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Coffee City mayor ‘shocked’ by KHOU 11 Investigates findings over police hiring practices

Mayor Jeff Blackstone pledged to overhaul police hiring practices.

COFFEE CITY, Texas — The mayor of Coffee City said he was unaware of many of the issues KHOU Investigates uncovered about the small-town police department’s hiring practices and the police chief’s own history of legal trouble.

“My first reaction was kind of shocked,” Mayor Jeff Blackstone said.

Blackstone said he had no idea more than half of the 50 officers in the department had been suspended, demoted, terminated, or dishonorably charged from previous law enforcement jobs for a wide range of misconduct that in some cases included criminal charges.

The mayor and all current city council members took office after JohnJay Portillo had been hired as police chief, so they never reviewed his job application.  KHOU 11 Investigates discovered Portillo failed to disclose an unresolved DWI charge out of Florida.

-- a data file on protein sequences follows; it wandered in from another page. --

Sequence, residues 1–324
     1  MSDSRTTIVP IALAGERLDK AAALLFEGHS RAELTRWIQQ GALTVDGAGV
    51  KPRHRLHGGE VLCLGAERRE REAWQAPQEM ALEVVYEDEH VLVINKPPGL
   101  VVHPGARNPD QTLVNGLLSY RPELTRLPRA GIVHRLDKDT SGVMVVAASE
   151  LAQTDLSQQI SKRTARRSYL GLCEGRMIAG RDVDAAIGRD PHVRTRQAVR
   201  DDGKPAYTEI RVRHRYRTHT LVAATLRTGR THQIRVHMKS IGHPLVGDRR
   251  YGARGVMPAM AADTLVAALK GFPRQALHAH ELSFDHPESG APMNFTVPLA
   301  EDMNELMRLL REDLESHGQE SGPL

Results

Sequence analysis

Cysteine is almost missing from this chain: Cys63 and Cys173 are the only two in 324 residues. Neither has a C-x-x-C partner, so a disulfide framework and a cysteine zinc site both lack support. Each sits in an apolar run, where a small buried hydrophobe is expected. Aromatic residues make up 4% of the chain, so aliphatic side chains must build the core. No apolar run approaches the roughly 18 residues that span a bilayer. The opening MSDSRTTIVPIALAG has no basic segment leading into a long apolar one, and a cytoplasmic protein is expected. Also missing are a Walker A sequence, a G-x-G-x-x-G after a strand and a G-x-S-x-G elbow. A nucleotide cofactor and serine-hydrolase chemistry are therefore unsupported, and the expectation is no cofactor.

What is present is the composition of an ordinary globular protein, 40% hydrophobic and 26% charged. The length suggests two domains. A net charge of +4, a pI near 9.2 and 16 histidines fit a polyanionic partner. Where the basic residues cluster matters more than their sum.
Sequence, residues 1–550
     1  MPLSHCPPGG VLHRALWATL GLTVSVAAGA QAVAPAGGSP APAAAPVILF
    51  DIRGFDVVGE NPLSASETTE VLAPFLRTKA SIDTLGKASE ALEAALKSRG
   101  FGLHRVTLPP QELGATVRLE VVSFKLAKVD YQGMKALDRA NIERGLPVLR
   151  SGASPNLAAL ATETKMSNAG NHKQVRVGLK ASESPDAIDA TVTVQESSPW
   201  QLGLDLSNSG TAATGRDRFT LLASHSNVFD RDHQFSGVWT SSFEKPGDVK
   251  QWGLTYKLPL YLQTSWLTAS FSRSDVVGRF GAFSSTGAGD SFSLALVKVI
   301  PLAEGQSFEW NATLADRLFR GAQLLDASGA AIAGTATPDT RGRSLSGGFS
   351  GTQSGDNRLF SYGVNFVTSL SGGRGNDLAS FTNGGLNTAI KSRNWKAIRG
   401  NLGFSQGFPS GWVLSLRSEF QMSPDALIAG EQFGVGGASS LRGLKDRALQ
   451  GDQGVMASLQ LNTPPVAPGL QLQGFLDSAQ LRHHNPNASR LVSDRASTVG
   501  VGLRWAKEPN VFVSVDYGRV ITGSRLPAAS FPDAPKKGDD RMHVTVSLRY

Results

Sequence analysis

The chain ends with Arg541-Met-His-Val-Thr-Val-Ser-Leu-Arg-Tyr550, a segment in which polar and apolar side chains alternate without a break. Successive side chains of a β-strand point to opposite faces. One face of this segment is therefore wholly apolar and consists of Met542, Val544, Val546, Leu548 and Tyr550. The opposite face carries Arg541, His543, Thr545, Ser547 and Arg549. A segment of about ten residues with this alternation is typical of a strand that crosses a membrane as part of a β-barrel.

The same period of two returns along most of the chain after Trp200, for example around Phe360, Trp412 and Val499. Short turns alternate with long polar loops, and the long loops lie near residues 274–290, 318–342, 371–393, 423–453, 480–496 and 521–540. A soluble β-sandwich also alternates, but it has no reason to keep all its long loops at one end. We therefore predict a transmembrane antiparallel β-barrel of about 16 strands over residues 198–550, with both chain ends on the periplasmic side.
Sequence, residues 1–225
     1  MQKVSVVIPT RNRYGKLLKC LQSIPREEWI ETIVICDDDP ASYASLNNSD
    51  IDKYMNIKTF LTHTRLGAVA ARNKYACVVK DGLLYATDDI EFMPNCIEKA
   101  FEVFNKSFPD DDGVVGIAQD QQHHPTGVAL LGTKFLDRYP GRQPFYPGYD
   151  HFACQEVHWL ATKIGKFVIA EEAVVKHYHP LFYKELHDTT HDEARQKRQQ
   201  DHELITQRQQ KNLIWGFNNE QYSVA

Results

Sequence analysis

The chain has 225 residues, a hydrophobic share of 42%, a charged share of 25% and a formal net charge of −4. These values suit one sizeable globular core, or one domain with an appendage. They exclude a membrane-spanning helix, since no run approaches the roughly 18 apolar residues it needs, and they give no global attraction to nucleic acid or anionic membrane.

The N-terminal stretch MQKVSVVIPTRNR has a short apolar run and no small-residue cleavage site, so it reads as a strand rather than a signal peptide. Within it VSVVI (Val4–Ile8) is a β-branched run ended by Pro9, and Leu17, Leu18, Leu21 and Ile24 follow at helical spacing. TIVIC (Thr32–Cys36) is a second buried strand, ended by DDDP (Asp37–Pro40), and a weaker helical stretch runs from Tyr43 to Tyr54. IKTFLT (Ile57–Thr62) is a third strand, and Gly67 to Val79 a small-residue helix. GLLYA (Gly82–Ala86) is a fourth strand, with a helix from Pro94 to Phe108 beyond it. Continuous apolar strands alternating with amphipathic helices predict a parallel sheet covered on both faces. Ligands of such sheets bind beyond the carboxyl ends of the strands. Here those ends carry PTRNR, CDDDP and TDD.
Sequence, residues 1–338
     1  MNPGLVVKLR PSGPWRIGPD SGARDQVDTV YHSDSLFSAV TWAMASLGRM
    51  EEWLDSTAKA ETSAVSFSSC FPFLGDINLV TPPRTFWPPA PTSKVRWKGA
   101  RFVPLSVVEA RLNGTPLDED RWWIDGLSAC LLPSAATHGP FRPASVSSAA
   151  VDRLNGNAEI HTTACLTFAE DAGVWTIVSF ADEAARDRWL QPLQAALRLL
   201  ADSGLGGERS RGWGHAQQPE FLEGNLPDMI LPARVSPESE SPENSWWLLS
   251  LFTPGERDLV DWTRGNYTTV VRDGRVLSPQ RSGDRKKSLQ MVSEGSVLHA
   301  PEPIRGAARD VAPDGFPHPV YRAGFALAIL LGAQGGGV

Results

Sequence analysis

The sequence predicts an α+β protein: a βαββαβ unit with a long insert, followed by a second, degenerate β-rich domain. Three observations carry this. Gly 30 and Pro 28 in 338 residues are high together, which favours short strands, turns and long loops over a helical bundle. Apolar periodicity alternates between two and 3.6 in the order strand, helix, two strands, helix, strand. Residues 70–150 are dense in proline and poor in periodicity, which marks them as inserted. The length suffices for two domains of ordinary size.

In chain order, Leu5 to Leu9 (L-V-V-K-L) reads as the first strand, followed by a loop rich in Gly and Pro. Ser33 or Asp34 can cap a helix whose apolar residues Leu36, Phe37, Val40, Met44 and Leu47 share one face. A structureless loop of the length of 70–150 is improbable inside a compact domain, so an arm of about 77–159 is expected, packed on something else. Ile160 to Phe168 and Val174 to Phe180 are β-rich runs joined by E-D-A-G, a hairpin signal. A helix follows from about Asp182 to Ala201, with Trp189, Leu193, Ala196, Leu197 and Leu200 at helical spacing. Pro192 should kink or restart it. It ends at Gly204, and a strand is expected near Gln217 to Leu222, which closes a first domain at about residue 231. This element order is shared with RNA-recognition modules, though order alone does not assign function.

“I was not pleased whenever I heard the allegations because if they are true, then that looks really bad,” Blackstone said. “So we just have to make sure that we get to the bottom of all of this.”

The Coffee City Council placed Chief Portillo on a 30-day paid suspension and the mayor said the city will investigate the issues internally as well as seek guidance from an outside, independent investigation firm. The scope of that probe will include the department’s warrant division, which KHOU 11 Investigates reported didn’t even work in Coffee City. Instead, warrant officers were allowed to work from home in Houston while they spent time on the phone trying to collect outstanding traffic fines.

“We weren't really fully aware of how (the warrant division) was operating, and that was all kind of brought to light as well through this story,” Blackstone said.

Going forward, the Mayor said all police applications will be reviewed by the entire city council before any officer is hired. Blackstone said his goal is to rebuild the reputation of the town’s police force and the public trust.

“These are allegations that we just can’t turn a blind eye to,” Blackstone said. “This is a problem that we’re taking very seriously.”

The mayor also said Coffee City is asking the Texas Commission on Law Enforcement, or TCOLE, for assistance with information. That agency already has an open investigation in the department.

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